Zombies are terrifying. And people believe in them.
We had a fascinating talk with a Congolese man yesterday. He told us about a custom in his village to make sacrifices to the ancestors, who might otherwise wreak havoc on everyone.
I already knew about the idea that the dead become somehow violent and hungry for offerings. (We spotlight that idea in the Heart of Africa film.)
But it is a false tradition, and we need to root it out by replacing it with a sense of honor for those who have passed on and an understanding (in our particular religion) that we ALL continue to progress, even after death. Death does not turn us violent; it introduces us to more love and an understanding of our precious and miriad connections to each other. The connections do not end.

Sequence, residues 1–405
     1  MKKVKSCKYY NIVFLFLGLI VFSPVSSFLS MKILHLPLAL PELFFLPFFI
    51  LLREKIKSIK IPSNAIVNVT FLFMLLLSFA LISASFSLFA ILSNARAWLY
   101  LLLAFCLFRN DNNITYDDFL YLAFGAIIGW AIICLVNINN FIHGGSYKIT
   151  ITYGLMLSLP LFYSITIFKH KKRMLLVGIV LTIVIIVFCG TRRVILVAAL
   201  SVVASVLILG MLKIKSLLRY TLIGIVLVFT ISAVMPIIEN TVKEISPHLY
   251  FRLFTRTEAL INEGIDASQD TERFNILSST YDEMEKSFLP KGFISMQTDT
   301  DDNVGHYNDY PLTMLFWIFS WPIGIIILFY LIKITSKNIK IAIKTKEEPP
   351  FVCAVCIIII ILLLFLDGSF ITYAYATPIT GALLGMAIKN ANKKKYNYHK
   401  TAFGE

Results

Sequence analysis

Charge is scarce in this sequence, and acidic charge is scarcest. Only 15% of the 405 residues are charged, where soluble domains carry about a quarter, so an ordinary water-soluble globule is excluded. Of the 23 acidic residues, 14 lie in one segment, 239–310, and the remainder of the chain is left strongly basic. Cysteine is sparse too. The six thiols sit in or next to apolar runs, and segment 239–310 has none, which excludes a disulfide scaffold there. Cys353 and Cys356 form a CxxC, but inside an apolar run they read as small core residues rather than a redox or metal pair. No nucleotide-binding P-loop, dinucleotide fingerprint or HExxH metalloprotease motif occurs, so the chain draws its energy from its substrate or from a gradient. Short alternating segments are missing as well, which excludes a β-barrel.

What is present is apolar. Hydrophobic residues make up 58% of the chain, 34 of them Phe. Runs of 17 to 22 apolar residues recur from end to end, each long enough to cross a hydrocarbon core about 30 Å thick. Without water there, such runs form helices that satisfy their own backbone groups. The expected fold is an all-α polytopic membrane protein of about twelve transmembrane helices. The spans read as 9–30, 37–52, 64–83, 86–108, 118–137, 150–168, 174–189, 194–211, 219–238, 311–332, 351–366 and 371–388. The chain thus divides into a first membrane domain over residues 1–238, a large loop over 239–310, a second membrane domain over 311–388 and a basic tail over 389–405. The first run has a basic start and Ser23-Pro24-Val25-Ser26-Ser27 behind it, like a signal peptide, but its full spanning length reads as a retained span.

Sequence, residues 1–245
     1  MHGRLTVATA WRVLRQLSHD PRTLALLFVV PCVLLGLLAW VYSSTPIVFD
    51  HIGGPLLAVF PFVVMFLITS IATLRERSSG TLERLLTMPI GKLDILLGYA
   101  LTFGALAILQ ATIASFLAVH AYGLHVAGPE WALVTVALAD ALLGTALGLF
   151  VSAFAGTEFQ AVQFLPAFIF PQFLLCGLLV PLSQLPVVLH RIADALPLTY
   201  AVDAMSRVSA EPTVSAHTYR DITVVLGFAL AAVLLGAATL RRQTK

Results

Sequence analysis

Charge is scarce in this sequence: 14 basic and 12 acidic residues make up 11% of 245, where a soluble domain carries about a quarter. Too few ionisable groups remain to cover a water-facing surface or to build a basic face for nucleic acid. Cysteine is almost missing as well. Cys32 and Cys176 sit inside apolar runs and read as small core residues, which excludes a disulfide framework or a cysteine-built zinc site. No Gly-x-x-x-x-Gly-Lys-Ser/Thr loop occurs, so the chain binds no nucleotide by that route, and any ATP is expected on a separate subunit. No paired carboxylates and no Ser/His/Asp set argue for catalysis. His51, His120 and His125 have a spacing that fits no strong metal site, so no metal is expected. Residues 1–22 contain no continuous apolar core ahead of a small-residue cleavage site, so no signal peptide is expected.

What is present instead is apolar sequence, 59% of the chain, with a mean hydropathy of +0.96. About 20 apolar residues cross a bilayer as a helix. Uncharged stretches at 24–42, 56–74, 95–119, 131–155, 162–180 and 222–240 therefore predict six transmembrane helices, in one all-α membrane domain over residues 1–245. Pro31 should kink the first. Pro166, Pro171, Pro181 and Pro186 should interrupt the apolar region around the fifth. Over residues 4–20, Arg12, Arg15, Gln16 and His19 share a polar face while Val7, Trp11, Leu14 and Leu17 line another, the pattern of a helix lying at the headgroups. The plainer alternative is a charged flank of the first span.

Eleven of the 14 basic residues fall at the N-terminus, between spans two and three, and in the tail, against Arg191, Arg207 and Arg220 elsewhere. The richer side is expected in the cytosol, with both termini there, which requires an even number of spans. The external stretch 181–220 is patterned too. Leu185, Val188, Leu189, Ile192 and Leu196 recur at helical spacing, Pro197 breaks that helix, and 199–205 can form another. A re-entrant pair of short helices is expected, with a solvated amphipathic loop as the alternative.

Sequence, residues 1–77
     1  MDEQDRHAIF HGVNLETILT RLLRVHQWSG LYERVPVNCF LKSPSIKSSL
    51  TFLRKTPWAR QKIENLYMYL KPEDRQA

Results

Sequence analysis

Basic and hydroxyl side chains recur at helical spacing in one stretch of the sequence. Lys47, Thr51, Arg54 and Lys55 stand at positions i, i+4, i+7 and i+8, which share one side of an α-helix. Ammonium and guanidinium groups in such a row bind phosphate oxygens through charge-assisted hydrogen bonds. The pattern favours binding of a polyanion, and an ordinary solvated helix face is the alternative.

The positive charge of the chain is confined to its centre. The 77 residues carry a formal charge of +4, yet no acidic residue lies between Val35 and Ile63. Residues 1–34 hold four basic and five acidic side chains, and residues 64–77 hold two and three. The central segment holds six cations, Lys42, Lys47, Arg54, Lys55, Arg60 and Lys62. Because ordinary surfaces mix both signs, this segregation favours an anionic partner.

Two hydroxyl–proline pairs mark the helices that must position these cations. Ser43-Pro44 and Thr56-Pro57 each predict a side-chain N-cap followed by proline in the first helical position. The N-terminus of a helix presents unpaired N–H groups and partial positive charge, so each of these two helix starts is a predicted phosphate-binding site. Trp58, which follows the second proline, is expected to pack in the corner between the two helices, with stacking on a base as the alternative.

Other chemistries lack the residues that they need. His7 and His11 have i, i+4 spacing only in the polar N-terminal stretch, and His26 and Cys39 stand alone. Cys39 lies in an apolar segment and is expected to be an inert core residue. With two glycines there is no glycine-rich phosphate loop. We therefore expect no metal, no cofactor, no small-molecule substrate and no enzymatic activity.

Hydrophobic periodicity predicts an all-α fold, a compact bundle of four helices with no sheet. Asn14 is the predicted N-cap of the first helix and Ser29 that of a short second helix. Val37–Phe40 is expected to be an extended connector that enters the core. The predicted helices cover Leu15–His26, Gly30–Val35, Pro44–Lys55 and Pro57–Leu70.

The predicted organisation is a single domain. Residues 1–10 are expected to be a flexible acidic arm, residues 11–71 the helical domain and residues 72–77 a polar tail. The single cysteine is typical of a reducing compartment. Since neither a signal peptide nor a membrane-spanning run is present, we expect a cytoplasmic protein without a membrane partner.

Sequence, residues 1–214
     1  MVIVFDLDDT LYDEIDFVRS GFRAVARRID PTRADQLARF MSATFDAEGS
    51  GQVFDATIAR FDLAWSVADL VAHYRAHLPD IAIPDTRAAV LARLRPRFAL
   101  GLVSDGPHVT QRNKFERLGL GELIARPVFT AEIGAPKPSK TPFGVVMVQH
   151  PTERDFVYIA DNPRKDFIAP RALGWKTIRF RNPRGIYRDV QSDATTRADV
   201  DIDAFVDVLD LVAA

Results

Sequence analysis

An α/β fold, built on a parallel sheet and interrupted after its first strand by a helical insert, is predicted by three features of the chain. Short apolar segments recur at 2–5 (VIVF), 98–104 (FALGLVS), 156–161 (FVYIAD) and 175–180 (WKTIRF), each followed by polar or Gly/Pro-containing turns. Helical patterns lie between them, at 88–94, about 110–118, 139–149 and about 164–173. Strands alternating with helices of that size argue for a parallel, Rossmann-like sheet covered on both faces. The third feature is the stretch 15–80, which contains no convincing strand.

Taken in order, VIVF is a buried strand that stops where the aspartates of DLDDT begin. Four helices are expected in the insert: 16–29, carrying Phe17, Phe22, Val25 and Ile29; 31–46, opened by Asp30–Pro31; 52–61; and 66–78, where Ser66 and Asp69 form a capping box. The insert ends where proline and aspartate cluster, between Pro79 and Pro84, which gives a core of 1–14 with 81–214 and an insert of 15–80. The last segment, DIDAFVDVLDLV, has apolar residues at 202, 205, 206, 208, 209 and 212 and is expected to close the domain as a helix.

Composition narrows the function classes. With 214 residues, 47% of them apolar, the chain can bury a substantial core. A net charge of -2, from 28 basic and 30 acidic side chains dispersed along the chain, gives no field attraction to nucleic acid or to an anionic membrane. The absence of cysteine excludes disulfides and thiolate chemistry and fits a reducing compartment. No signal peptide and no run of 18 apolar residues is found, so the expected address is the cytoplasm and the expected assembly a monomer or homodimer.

We will all hear “false traditions” preached at some point in our lives. Perfect love will cast them out, as will perfect trust in a God who seeks only good.
Our film (parts one and two) is available on DVD.
Part 1 tells the story from the African perspective. Part 2 tells it from the American one.
In early drafts, I had envisioned the protagonist having a vision of his mother in her terrifying anger and then realizing that this was NOT his mother. She was not that anger and vindictiveness; she was a loving, yearning soul. In the final draft, the protagonist merely refers to his dreams of “seeing the dead.” In a climactic scene, he does in fact see his mother, who is angelic and beautiful, and who tells him, “My son, listen to your heart.”
He must choose between anger and progress. As one character says, “Without forgiveness, we cannot progress.”